“Honor lies in the mane of a horse.”
In his first eight years of life, Snowman had pulled a plow, suffered neglect, been given up for dog meat, adopted by the de Leyers, nursed back to health and turned into a lesson horse. But this eighty-dollar gelding, this shaggy-coated, children-loving animal had hidden his gifts under the plainest, most humble exterior. He was the horse Harry de Leyer had dreamed of — the horse with the makings of a champion.
Only two years after his rescue, Snowman won the 1958 horse show Triple Crown — the American Horse Shows Association Horse of the Year, Professional Horseman’s Association Champion and Champion of Madison Square Garden’s Diamond Jubilee. The following year, he was again the American Horse Shows Association Horse of the Year and Professional Horseman’s Association Champion. After each of these wins, Harry and Snowman returned home to their day jobs as a riding instructor and lesson horse.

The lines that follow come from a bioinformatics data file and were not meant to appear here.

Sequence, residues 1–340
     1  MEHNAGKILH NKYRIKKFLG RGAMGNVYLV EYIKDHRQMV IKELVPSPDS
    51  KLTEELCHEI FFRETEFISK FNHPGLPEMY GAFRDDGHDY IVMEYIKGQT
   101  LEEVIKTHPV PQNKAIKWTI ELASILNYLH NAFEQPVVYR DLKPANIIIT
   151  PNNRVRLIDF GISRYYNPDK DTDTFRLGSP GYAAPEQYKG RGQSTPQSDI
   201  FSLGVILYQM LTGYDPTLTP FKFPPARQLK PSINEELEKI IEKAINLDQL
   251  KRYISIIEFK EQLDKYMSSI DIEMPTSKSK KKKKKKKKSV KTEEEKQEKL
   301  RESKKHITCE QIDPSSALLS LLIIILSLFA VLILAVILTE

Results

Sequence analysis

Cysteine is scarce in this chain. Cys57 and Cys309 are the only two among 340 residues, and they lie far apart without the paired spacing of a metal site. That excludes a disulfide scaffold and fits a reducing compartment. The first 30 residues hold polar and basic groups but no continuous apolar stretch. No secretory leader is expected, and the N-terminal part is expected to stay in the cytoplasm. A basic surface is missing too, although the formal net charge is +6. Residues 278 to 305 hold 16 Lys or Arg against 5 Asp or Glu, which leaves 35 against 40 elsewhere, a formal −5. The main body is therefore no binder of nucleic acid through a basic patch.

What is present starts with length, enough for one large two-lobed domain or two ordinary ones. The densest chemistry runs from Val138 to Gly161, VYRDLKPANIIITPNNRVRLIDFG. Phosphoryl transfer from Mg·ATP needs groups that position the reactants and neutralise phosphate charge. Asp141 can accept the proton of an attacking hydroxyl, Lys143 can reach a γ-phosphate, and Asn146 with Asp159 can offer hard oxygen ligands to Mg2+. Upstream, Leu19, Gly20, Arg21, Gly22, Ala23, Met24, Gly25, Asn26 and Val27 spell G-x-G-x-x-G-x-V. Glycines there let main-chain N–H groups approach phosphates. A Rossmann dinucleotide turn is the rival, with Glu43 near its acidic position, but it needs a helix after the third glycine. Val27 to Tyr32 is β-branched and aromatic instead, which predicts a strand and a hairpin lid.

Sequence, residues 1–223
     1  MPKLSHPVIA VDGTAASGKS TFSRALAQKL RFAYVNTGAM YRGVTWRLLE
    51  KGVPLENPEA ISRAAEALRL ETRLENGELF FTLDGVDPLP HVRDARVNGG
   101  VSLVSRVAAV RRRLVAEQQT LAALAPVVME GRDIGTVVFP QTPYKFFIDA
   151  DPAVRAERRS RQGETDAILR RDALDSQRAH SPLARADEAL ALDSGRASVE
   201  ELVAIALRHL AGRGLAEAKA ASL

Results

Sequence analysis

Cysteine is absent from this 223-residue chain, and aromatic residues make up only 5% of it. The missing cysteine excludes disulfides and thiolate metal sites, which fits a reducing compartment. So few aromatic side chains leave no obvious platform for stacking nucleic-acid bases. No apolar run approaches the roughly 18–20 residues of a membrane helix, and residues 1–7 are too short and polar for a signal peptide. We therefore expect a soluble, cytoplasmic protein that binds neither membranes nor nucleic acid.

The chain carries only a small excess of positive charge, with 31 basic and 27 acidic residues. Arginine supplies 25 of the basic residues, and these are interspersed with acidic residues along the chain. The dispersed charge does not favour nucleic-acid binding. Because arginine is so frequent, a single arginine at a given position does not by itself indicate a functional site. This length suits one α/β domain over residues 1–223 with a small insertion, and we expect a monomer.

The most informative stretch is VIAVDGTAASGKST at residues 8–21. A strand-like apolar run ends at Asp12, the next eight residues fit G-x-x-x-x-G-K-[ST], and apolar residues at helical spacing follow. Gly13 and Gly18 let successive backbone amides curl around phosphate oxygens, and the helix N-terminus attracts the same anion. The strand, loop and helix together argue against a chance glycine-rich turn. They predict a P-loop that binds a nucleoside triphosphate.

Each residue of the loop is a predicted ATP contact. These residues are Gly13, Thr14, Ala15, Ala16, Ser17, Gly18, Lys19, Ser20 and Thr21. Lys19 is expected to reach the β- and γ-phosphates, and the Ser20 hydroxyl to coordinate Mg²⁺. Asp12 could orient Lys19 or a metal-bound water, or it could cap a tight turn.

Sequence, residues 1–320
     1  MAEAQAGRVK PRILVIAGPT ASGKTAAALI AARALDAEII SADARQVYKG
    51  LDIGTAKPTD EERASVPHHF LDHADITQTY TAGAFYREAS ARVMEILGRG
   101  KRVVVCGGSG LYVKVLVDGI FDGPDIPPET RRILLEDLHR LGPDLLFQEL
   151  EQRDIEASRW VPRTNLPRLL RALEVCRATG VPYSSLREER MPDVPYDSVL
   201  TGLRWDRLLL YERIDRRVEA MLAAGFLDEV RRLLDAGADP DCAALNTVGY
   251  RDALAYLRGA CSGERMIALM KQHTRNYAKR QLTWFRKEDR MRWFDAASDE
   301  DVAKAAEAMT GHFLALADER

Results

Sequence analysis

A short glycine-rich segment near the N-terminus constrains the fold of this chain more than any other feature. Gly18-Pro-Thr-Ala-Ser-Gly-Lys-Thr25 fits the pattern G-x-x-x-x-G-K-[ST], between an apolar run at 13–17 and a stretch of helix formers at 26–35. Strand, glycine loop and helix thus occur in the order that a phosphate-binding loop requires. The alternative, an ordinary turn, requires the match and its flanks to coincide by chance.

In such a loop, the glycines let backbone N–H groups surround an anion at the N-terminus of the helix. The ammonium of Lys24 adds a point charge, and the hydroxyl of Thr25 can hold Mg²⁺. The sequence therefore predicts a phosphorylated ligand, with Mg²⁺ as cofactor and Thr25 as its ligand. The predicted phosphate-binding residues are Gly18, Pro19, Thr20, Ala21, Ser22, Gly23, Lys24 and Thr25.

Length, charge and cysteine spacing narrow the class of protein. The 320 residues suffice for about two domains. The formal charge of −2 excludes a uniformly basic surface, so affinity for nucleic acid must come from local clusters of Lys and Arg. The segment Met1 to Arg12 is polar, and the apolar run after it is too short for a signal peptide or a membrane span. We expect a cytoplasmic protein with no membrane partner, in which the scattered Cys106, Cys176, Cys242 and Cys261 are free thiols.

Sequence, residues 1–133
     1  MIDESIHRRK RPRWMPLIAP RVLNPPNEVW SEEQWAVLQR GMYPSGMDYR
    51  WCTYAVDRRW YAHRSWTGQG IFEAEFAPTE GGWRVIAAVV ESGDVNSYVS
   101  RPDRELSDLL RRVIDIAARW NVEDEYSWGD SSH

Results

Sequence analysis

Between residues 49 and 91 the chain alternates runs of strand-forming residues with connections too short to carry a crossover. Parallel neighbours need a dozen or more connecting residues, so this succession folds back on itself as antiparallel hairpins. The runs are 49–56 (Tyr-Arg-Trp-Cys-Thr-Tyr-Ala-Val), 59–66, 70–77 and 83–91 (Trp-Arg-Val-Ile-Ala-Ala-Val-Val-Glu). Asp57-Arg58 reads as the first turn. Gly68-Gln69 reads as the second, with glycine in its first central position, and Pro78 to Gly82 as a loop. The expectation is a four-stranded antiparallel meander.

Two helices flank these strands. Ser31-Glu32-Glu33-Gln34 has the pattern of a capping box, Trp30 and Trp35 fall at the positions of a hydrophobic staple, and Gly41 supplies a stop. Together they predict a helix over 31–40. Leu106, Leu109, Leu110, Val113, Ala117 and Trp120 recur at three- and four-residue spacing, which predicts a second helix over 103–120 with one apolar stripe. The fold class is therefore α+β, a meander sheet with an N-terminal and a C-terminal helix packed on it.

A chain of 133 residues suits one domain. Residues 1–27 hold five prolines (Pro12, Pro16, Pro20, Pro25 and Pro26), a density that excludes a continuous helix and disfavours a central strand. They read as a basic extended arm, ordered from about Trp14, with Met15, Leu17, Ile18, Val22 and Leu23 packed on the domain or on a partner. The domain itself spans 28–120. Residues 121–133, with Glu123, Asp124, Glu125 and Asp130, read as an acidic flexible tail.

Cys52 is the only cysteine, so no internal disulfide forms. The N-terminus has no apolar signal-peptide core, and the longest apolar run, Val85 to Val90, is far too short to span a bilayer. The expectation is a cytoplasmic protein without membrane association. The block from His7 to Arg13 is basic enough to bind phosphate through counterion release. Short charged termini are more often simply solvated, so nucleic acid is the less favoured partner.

An instant celebrity, Snowman appeared on the most popular game show of its time, “To Tell the Truth” and on the “Tonight Show,” where the young guest host, Johnny Carson, climbed up a stepladder and scrambled onto Snowman’s back. He was profiled twice in Life magazine, was the subject of two books, had his own fan club, became a Breyer horse model and was even flown abroad for “guest appearances.”
Snowman retired from competition in 1962 and in 1969, he and Harry were invited to return to Madison Square Garden for a belated and triumphant retirement ceremony. Snowman died at home in 1974 with Harry by his side. He was inducted into the Show Jumping Hall of Fame in 1992.
Photo by Bill Ray, used by permission